Weaknesses Remain

GAO says CMS has taken steps to protect the security and privacy of data processed and maintained by the complex set of systems and interconnections that support, yet weaknesses remain in the processes used for managing information security and privacy as well as the technical implementation of IT security controls. The report says CMS took many steps to protect security and privacy, including developing required security program policies and procedures, establishing interconnection security agreements with its federal and commercial partners, and instituting required privacy protections.

“However,” the audit says, “ had weaknesses when it was first deployed, including incomplete security plans and privacy documentation, incomplete security tests, and the lack of an alternate processing site to avoid major service disruptions.”

HHS Disputes Findings

Jim Esquea, HHS assistant secretary for legislation, disputed some of GAO’s conclusions, contending that CMS developed consistent with federal statutes, guidelines and industry standards that help ensure the integrity of the systems data.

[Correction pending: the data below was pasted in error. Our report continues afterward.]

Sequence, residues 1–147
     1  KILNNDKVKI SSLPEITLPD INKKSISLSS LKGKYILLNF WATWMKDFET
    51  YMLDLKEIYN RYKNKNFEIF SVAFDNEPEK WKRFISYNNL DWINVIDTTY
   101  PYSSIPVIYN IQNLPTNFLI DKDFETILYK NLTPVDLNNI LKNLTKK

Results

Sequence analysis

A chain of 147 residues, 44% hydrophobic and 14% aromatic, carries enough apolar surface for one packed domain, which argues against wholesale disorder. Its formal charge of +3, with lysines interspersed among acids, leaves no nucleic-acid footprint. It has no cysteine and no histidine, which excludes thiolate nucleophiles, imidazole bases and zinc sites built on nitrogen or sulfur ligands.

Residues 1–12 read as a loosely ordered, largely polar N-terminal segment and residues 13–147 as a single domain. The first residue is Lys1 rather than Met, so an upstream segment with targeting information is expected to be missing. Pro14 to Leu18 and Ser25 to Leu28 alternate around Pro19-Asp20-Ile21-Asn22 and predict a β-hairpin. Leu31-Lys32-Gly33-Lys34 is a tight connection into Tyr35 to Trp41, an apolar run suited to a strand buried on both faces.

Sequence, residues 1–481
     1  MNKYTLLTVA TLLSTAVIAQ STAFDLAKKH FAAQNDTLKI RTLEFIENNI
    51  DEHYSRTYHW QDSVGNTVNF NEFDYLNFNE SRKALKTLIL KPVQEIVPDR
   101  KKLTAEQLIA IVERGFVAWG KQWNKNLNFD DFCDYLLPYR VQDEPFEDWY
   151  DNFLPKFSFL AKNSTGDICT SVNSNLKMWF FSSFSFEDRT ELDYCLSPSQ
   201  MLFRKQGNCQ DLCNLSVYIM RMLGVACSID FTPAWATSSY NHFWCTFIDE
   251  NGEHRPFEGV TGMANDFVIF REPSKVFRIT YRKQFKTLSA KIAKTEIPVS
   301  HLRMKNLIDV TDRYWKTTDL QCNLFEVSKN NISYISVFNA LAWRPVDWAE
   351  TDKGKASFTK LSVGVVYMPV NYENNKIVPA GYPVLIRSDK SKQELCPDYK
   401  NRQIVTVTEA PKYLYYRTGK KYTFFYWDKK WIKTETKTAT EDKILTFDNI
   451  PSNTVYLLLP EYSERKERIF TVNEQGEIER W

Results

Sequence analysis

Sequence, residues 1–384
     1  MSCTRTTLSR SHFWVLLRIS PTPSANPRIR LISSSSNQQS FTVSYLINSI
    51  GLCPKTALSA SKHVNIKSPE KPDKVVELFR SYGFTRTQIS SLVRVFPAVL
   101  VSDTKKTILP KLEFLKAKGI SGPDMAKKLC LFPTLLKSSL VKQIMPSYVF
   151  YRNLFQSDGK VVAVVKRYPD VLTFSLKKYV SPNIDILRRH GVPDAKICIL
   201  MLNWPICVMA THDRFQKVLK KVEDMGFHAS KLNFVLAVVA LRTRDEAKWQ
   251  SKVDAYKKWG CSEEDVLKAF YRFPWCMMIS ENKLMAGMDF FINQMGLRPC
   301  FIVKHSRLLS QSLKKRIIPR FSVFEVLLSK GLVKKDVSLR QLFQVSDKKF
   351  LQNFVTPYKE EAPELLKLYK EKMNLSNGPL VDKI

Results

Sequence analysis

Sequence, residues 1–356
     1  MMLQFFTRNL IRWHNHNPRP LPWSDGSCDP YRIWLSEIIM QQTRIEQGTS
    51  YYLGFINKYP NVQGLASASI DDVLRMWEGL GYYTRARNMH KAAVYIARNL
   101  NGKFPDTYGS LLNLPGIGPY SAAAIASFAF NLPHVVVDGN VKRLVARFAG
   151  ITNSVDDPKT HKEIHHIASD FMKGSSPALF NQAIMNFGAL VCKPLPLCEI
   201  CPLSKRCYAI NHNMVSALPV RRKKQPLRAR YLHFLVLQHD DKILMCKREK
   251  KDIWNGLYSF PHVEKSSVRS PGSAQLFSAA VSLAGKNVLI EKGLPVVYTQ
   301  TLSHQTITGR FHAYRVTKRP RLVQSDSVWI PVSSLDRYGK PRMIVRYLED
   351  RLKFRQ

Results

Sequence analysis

In a written response to GAO, Esquea says HHS does not concur with the audit findings that CMS accepted significant security risks when it granted the federally and state operated components of to operate last September and allowed states to connect to the data hub, which provides connectivity between the federally operated and state operated systems.

Besides the security controls examined by GAO, Esquea says CMS implemented other measures to protect personally identifiable information, including penetration testing that still continues. In addition, he says, CMS conducts continuous monitoring using a 24-by-7, multi-layer IT security team and a change management process that includes continuous testing and mitigation strategies in real time. “These layered controls help protect the privacy and security of PII related to the FFM,” Esquea says.

GAO offered six recommendations, including conducting a comprehensive security assessment of the federally operated part of GAO also called on HHS to establish detailed security roles and responsibilities for contractors, including participation in security controls reviews, to better ensure that communications between individuals and entities with responsibility for the security of the federally operated part of and its supporting infrastructure are effective.